From invisible screens to flying cars, what to expect at CES 2020

CES 2020 has arrived. We’ve dug through rumours, press releases and our inboxes to pick some of the most exciting tech you can expect to see at the world’s largest technology show in Las Vegas this coming week. Here’s a peek at what’s to come.

TVs at CES 2020: Transparent displays, 8K and more

TVs tend to dominate at CES, and this year is no different. South Korean heavyweights Samsung and LG will unveil fancy screens aplenty, with 8K the order of the day. LG will tout its ‘Real 8K’ TV lineup, complete with an industry-certified 8K UHD logo – a standard set by the Consumer Technology Association that runs CES.

We’re not going to torture you with the ins and outs of television standards, but you should take them all with a pinch of salt. Samsung and other manufacturers such as Panasonic, for example, have certifications from a separate body called the 8K Association, so it’s all a PR battle as much as anything else.

That aside, LG’s new TVs deliver 8K upscaling, courtesy of a new AI-powered processor, designed to make lower resolution content shine on its 65-inch to 88-inch screens. The same tech also promises to automatically detect what you’re watching and adjust the settings accordingly, while also letting you control your smart-home connected kit from your sofa.

There have also been whispers of an update to LG’s rollable TV. Revealed last year as a screen that unfurled from within a stand, this year’s version apparently houses the display in the ceiling, allowing it to magically unroll from above. The last trick in the LG camp is a transparent OLED display, which can be used as a high-tech partition or wall as has been aimed squarely at the business sector.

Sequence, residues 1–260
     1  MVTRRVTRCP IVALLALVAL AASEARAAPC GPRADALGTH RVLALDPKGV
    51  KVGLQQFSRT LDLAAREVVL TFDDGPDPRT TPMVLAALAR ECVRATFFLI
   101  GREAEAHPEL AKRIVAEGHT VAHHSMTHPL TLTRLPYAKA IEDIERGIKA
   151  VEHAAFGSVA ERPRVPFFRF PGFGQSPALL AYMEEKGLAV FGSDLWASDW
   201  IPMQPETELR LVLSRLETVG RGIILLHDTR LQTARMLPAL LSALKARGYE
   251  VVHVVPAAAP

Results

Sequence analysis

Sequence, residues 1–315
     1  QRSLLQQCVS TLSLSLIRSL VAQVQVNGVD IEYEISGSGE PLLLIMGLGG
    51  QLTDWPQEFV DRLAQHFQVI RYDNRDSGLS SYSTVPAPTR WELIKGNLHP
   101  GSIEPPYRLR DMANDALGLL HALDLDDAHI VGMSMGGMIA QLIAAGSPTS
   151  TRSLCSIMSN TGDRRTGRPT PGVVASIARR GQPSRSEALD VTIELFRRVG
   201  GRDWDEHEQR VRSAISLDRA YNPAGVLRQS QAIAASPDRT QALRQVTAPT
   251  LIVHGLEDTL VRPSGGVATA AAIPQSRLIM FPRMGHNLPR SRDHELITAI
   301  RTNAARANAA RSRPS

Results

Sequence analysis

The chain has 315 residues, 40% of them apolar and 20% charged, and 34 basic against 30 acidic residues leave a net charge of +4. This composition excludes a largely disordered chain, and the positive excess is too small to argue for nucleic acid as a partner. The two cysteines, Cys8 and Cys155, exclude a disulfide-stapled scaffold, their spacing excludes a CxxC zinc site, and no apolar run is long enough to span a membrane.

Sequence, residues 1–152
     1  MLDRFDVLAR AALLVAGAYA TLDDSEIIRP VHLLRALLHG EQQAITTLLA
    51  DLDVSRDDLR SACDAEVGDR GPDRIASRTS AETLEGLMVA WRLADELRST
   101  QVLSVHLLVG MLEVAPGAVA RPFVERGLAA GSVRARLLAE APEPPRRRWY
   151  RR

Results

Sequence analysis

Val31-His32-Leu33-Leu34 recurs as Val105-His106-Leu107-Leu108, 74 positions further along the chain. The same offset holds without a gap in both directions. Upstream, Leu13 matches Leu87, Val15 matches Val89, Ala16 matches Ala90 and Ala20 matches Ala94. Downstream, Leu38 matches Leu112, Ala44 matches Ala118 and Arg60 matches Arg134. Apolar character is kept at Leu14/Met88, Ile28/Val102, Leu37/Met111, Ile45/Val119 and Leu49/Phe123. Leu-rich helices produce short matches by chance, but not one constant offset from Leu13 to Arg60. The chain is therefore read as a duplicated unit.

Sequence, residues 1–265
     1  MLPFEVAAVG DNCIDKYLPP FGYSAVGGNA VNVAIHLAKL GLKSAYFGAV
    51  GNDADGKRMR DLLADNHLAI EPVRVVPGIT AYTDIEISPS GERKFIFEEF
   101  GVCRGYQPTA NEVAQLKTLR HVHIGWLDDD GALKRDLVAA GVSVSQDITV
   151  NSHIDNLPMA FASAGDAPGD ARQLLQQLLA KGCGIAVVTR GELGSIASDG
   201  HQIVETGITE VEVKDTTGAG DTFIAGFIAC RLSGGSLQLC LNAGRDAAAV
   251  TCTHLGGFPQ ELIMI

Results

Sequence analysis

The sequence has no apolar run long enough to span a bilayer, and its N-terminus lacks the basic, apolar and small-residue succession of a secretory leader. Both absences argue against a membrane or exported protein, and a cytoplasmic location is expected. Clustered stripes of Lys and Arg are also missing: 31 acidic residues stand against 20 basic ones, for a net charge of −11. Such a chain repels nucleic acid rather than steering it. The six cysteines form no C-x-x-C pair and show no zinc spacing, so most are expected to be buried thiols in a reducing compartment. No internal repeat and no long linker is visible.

Samsung has played its cards closer to its chest this year. Leaks point to a completely frameless 8K QLED screen, called the Zero Bezel TV. According to rumours, Samsung has managed to glue the chassis of the TV to the panel with a miniscule distance, giving the appearance of a floating screen.

We also expect Samsung to reveal Neon, its ‘artificial human’, thought to be some form of AI that’s completely separate from the much-maligned Bixby (thankfully). We don’t know what products Neon is expected to infiltrate, but it could very well be TVs and phones. Expect all to be revealed during the company’s keynote on Monday.

Samsung will also be showing off the Sero – a TV with the dubious ability to rotate from portrait to landscape mode. While there are currently no details on Samsung’s site, we know from its announcement last year that it’s aimed at “young people” who want to enjoy Snapchat videos, Insta stories and other vertical video content in their full intended glory.

And a more general televisual trend for CES 2020: expect to see in TVs with faster refresh rates, in preparation of the upcoming new consoles from Sony and Microsoft.

Cars at CES 2020: flying cars and fancy displays